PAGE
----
The White House stressed that Obama was committed to working with the Defense Department to "find a mission" for the Air National Guard base, but the local storyline played prominently during Obama's visit.
In Ohio, Republicans have pointed to the treatment of about 20,000 white-collar workers and retirees from auto parts supplier Delphi, which was spun off from General Motors. Many white-collar workers lost pension benefits while the pensions of union-affiliated employees and retirees were preserved during the auto bailout administered during the Obama administration.
"I feel absolutely betrayed," said Tom Rose, a former Delphi worker on a conference called arranged by the Republican National Committee.
Republicans have tried to put Obama on the defensive on other issues, including coal. GOP officials routinely cast Obama's policies as detrimental to coal, which is responsible for more than 40 percent of U.S. electricity production. Obama's advisers say that coal jobs have increased on his watch and are at their highest levels in 15 years.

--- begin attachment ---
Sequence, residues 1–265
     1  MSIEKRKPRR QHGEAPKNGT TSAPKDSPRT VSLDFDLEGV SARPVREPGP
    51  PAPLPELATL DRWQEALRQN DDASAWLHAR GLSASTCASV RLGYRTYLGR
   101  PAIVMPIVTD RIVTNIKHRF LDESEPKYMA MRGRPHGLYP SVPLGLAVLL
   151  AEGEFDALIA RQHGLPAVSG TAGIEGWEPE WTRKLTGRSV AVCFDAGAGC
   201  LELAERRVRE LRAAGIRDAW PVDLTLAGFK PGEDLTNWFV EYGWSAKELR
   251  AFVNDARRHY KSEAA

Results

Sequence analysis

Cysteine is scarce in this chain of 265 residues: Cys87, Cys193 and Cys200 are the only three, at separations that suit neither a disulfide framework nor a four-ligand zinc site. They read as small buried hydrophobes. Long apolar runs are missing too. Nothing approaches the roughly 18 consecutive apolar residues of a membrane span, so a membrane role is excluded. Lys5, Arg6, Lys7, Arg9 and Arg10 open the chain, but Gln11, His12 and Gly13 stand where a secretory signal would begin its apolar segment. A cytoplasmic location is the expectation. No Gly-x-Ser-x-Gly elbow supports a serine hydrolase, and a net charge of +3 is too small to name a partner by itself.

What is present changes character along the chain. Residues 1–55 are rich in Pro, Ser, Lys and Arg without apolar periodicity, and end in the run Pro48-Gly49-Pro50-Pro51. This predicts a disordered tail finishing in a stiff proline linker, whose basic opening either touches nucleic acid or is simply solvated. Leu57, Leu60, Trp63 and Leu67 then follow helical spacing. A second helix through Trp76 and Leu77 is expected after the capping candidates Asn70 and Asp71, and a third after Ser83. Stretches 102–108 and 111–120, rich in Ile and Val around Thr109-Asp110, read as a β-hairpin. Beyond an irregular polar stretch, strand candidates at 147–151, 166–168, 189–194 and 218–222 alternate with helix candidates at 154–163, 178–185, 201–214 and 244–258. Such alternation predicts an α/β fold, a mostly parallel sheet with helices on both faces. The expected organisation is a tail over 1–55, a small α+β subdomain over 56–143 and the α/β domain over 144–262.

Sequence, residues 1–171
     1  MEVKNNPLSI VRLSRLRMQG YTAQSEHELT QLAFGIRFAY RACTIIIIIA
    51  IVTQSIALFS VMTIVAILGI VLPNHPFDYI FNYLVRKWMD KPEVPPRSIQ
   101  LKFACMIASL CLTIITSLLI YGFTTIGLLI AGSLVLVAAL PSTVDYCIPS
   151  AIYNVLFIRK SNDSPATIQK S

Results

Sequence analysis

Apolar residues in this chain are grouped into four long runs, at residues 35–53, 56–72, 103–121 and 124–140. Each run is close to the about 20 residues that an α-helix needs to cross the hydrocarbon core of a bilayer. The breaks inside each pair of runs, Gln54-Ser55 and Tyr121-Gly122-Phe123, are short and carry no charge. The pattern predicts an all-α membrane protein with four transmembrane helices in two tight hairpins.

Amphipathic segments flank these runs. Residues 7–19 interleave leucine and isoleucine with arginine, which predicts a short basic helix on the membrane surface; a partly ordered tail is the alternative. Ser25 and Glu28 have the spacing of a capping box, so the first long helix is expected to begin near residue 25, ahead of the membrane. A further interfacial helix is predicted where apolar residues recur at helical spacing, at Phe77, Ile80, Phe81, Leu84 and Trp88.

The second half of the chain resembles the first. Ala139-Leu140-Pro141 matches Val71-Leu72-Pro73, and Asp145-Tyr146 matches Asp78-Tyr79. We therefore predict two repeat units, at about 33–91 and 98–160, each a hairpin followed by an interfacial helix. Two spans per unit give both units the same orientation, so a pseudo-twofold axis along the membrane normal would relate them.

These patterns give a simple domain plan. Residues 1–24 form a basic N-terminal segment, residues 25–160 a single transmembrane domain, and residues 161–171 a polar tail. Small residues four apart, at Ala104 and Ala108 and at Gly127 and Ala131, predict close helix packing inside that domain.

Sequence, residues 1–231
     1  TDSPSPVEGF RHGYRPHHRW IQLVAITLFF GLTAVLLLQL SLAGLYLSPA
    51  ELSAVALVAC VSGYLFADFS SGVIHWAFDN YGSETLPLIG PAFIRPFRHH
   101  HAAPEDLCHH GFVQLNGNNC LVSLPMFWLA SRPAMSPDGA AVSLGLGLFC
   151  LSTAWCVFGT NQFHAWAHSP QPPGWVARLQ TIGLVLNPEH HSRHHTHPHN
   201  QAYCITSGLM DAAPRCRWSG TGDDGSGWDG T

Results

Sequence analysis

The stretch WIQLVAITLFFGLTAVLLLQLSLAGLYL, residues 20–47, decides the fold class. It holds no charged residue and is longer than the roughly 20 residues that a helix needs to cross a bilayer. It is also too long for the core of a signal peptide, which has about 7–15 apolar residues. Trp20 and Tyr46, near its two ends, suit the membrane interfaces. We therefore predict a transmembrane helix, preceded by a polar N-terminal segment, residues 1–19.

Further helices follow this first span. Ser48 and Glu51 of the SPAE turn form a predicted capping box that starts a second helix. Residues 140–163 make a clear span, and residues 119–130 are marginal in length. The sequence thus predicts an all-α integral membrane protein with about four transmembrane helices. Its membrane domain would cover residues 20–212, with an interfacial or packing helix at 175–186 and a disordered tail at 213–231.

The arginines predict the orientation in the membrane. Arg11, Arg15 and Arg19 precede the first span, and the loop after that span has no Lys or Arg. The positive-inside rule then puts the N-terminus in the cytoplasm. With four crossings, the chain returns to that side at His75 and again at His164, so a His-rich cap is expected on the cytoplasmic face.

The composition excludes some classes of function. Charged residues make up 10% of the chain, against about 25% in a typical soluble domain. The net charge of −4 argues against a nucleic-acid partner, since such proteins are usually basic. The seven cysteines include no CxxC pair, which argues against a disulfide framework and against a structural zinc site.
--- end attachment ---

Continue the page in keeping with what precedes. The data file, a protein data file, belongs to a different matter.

The U.S. Environmental Protection Agency has sparred with the mining industry over Clean Water Act-related permits, while Obama's administration has tried to cast its regulations as commonsense steps to reduce pollution that causes asthma and other lung problems.
Romney has tied coal jobs in Appalachia to a broader energy argument, saying he will make the U.S. energy independent from Venezuelan and Middle Eastern oil by the end of his second term. And he says the local issue could have much bigger consequences.
"To win Ohio, (Obama's) got to win eastern Ohio," Romney said in Beallsville. "And he's got to get the votes of the people in these communities all around us here. And you're not going to let that happen."
Kasie Hunt reported from Beallsville, Ohio. Associated Press writers Thomas Beaumont and Philip Elliott in Des Moines, Iowa, and Brian Bakst in Minneapolis contributed to this report.